I doubt it. But I am convinced that each of us can, though with no small amount of effort, make a fundamental change in two, three or four things in our lives. Some things we change should be in the realm of holiness, Torah study and prayer, and others in the realm of ethics, integrity, loyalty, righteousness and justice.
Each of us can identify a small number of defects, and decide to take it as our task for the coming year to remedy them. If we do this, we can stand before God on the day of mercy as penitents and pray for ourselves and our nation, that we should all have the strength and ability to repair ourselves.
One who decides to undertake this challenge will have to establish checkpoints throughout the year, maybe on Yom Kippur Katan (the day before Rosh Chodesh) every month. He will then assess whether he is succeeding in his task, coming close to it, or, God forbid, remaining stagnant or moving away from it. At each assessment, he will have to determine what he must do to improve his performance. Come the next Yom Kippur, he will evaluate where he succeeded and where he did not, what he should continue to work on and what he can add to his mission for the subsequent year.
In anticipation of the holy day, we should remember the vidui, confession, which is the primary mitzva of the day. True confession is not trivial. The words of vidui are too general and vague; as such, there is a concern that by saying them we add the sin of insincere confession to the list. The author of the Chayei Adam sensed this, and added a long list of specific sins in alphabetical order. But what is the point of reciting a list of sins written by someone else, even if the author was a great and saintly person?!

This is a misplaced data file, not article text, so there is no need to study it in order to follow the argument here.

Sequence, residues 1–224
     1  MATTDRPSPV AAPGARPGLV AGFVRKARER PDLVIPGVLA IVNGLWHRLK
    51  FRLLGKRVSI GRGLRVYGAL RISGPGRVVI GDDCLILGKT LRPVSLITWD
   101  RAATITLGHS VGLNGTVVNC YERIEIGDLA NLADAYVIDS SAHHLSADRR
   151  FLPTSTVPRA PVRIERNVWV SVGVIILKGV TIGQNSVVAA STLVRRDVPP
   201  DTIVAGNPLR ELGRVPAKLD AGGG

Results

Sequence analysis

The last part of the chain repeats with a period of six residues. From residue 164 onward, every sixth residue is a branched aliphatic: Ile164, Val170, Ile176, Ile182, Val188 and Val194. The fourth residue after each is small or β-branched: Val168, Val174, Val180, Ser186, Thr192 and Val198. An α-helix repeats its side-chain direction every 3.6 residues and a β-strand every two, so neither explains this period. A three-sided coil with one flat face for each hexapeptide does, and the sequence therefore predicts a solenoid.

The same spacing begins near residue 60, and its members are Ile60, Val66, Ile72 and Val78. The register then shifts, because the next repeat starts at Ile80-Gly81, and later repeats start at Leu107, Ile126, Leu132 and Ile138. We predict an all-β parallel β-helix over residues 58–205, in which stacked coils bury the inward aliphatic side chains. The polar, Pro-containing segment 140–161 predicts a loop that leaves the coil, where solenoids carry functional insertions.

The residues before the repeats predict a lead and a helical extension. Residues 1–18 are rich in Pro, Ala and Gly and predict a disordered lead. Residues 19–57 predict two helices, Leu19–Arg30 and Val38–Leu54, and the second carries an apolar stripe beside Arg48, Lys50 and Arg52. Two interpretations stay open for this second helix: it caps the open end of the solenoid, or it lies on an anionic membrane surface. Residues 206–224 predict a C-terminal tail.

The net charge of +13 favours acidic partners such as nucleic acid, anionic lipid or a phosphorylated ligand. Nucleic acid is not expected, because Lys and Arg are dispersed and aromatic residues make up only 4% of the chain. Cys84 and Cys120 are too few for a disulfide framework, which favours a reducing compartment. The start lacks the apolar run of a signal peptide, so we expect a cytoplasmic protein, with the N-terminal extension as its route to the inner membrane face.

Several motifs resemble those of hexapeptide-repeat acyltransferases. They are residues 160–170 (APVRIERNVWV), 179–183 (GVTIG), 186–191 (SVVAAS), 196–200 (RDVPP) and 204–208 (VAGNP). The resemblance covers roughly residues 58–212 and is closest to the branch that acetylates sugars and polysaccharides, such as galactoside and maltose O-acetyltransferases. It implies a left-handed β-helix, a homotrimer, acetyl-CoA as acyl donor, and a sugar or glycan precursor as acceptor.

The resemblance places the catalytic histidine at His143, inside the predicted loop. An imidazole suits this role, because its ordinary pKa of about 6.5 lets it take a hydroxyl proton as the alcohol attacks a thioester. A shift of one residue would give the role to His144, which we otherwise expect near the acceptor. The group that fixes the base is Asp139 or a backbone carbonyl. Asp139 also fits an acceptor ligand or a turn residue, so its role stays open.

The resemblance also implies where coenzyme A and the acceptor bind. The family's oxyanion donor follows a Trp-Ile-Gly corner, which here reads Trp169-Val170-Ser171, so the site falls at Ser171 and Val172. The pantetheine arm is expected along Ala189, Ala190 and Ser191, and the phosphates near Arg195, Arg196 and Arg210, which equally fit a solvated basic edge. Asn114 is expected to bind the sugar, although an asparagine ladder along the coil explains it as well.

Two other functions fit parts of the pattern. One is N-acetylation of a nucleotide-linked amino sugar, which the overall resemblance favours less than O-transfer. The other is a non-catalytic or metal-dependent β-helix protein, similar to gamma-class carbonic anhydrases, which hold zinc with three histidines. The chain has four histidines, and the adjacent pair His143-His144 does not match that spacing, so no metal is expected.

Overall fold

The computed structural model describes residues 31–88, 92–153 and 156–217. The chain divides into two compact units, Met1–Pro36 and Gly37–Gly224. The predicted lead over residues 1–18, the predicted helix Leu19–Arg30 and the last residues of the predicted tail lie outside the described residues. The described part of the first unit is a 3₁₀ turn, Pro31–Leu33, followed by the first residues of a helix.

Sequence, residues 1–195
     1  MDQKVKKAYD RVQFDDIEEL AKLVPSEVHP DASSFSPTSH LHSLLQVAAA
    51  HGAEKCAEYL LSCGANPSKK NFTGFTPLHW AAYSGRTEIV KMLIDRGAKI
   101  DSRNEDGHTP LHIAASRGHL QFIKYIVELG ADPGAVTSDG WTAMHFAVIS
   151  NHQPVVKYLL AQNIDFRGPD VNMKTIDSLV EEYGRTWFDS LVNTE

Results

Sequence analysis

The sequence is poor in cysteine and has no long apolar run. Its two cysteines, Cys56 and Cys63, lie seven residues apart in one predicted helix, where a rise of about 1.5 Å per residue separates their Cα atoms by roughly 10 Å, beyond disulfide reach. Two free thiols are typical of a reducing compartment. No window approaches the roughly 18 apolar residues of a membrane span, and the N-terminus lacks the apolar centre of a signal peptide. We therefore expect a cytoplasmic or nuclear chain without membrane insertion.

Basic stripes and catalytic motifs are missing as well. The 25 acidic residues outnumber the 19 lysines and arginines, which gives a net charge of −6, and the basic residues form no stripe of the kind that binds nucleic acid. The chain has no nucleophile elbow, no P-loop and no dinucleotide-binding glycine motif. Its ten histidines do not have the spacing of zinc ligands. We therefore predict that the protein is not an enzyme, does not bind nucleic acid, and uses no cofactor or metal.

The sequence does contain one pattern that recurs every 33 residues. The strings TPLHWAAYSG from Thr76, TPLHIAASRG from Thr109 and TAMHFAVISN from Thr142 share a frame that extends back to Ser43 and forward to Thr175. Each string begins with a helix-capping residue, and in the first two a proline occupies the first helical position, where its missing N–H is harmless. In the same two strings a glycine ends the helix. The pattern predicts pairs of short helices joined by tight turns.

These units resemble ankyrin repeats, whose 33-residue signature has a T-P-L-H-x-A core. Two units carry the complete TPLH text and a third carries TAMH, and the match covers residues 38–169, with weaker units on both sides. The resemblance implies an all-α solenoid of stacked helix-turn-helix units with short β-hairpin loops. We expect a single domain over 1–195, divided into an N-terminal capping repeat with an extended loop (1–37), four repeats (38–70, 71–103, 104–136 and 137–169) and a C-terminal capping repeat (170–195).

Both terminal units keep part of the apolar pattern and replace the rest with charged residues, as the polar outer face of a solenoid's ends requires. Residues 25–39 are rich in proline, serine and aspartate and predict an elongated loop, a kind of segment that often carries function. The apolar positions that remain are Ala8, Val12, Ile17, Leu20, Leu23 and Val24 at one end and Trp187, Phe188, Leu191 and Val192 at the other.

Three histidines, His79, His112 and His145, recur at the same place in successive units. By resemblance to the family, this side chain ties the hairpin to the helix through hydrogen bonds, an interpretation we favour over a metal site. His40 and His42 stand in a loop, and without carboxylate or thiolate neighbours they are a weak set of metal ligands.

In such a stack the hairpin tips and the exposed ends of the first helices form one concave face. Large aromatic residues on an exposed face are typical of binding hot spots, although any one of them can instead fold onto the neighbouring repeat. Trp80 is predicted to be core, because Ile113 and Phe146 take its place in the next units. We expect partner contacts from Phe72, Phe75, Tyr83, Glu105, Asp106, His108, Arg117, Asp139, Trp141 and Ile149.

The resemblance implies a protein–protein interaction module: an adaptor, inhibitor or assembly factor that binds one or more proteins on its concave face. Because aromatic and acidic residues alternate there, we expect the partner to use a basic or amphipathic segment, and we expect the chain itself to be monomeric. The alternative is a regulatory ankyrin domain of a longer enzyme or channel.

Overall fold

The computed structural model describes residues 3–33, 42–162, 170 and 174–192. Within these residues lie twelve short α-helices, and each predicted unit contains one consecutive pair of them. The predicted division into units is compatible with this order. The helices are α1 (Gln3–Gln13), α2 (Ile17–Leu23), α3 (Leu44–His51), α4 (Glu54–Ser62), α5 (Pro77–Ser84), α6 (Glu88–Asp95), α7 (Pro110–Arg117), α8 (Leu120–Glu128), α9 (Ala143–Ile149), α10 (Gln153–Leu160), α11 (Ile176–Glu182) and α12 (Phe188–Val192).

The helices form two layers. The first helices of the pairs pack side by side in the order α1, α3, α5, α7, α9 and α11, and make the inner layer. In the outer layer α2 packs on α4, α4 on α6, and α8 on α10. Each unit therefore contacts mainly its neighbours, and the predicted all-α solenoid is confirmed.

We all must devote time to dig through our past and make a list of all the sins we remember. We should arrange them alphabetically and say them along with the vidui in the siddur. How many times were we careless when driving? How many times did we “steal” another car’s turn at the intersection? How many times have we ignored asher yatzar (the blessing made upon exiting the restrooms), and so on?
The recognition of sin is an important step even if we cannot get ourselves to the point of total remorse. However, it is an important step only if we have a real desire to improve, even if we know that right now we cannot expend so much emotional energy on our endless sins.
The Ten Days of Repentance
A final point: Logically, the Ten Days of Repentance should have been at the end of the year and not the beginning, as they repair last year’s sins. They are like a makeup test to improve our grades for the year that just passed.
Yet, the Days of Repentance are put at the beginning of the year. Repentance is return to, not returning from. Its essence is not an escape from sin, as important as that is, but a return to God. We begin the new year by saying how essential it is to return to God, to be close to Him, without having our sins separate us from Him.